George Melly, though strictly speaking not a rock star – he was a jazz / blues singer – deserves inclusion here for his response to Mick Jagger.  Melly had drawn attention to the deep grooves on the Rolling Stone’s face and Jagger had tried to dismiss them as ‘laughter-lines’.  “Nothing,” pronounced Melly, “is that funny.”  Meanwhile, I was never a fan of Boy George but I’ve always chuckled at his verdict on Elton John: “All that money and he’s still got hair like a f*cking dinner lady.”  And just to prove that the art of the rock-star insult remains alive and well in 2022, there was recently a spat between Joan Jett and gun-humping, Trump-worshipping rock-neanderthal Ted Nugent, which produced this Jett-gem: “Ted Nugent has to live with being Ted Nugent.  He has to be in that body, so that’s punishment enough.”


From / © Will Fresch


The world of rock contains certain individuals who can be relied upon to denigrate their contemporaries practically every time they open their mouths.  Two who spring to mind are siblings Liam and Noel Gallagher, late of Britpop mega-band Oasis.  Among those suffering the wrath of Liam Gallagher have been Keith Richards and George Harrison (“jealous and senile and not getting enough f*cking meat pies”), Bob Dylan (“a bit of a miserable c*nt”), Billie Joe Armstrong of Green Day (“I don’t like his head”), Bono (“he looks like a fanny”) and Florence Welch from Florence and the Machine (“sounds like someone’s stood on her f*cking foot”).  For my money, though, his best insult was heard at a Q Magazine Awards ceremony, where he yelled at Coldplay’s Chris Martin, “You’re a plant pot!”


As the older and supposedly more cerebral Gallagher, Noel’s insults have been more elaborate, if a tad less savage.  Of the musical output of Justin Bieber, he once opined, “My cat sounds more rock ‘n’ roll than that.”   He likened the appearance of the White Stripes’ Jack White to “Zorro on doughnuts” and mused about skatey Canadian punk rockers Sum 41: “After I heard Sum 41, I thought, I’m actually alive to hear the shittiest band of all time.”  Needless to say, Oasis’s Britpop arch-enemies Blur came in for some stick too: “I wish Blur were dead, John Lennon was alive and the Beatles would reform.”  And inevitably he’s had some choice words for his wayward younger brother since they acrimoniously parted company in 2009.  That same year he famously described Liam to “a man with a fork in a world of soup.”  (For his part, the younger Gallagher has repeatedly referred to Noel as a ‘potato’ and called his post-Oasis band the High Flying Birds ‘the High Flying Smurfs’.)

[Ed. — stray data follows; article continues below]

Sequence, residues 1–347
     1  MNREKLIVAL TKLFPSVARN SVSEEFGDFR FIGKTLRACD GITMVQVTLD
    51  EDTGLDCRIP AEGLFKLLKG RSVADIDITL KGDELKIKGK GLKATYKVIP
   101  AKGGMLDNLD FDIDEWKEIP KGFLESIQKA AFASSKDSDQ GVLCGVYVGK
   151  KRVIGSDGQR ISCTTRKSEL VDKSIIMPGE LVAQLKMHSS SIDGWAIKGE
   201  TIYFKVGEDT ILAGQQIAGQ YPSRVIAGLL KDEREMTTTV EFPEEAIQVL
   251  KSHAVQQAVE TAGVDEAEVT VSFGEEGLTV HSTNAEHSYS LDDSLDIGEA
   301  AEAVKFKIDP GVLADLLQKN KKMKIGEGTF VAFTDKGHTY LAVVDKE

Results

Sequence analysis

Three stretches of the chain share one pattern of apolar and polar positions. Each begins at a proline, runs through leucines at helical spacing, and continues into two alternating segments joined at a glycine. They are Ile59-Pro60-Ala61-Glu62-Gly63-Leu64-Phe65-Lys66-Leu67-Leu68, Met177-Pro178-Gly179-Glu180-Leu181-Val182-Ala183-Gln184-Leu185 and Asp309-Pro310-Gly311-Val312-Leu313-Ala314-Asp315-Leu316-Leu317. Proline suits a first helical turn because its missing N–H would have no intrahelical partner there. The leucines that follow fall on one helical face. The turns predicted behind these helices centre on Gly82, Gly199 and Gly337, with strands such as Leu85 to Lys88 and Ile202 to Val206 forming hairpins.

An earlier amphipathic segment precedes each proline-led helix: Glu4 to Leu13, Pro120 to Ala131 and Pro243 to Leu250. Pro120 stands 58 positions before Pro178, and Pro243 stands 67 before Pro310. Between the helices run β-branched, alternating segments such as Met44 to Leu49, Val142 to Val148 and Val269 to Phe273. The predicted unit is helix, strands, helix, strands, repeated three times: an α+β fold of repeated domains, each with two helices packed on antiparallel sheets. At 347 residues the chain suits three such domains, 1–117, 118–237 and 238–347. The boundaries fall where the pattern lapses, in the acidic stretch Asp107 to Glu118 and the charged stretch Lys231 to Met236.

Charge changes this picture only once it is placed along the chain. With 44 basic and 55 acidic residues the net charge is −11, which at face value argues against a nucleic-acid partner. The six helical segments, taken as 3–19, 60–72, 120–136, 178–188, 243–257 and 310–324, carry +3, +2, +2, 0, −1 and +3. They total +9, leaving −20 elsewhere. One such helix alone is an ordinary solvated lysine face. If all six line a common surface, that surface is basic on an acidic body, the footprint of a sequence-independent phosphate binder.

© Weidenfeld & Nicolson


The Rolling Stones’ Keith Richards has also had a famously barbed tongue, powered by his apparent disdain for any form of music that isn’t structured around a 12-bar blues progression.  He’s dissed Prince as “an overrated midget”, REM as “a whiny college rock band” and P Diddy as “bereft of imagination.  What a piece of crap.”  He dumped on the Grateful Dead for “Just poodling about for hours and hours.  Jerry Garcia, boring shit, man. ”  Of Metallica he speculated, “I don’t know where Metallica’s inspiration comes from, but if it’s from me, I f*cked up.”  Hilariously, he said of Elton John after the death of Princess Diana in 1997 and after John had reworked his 1973 ode to Marilyn Monroe, Candle in the Wind, as a tribute to the deceased princess: “His writing is limited to songs about dead blondes.”  (To which Elton John retorted that the venerable Stones guitarist resembled “a monkey with arthritis.”)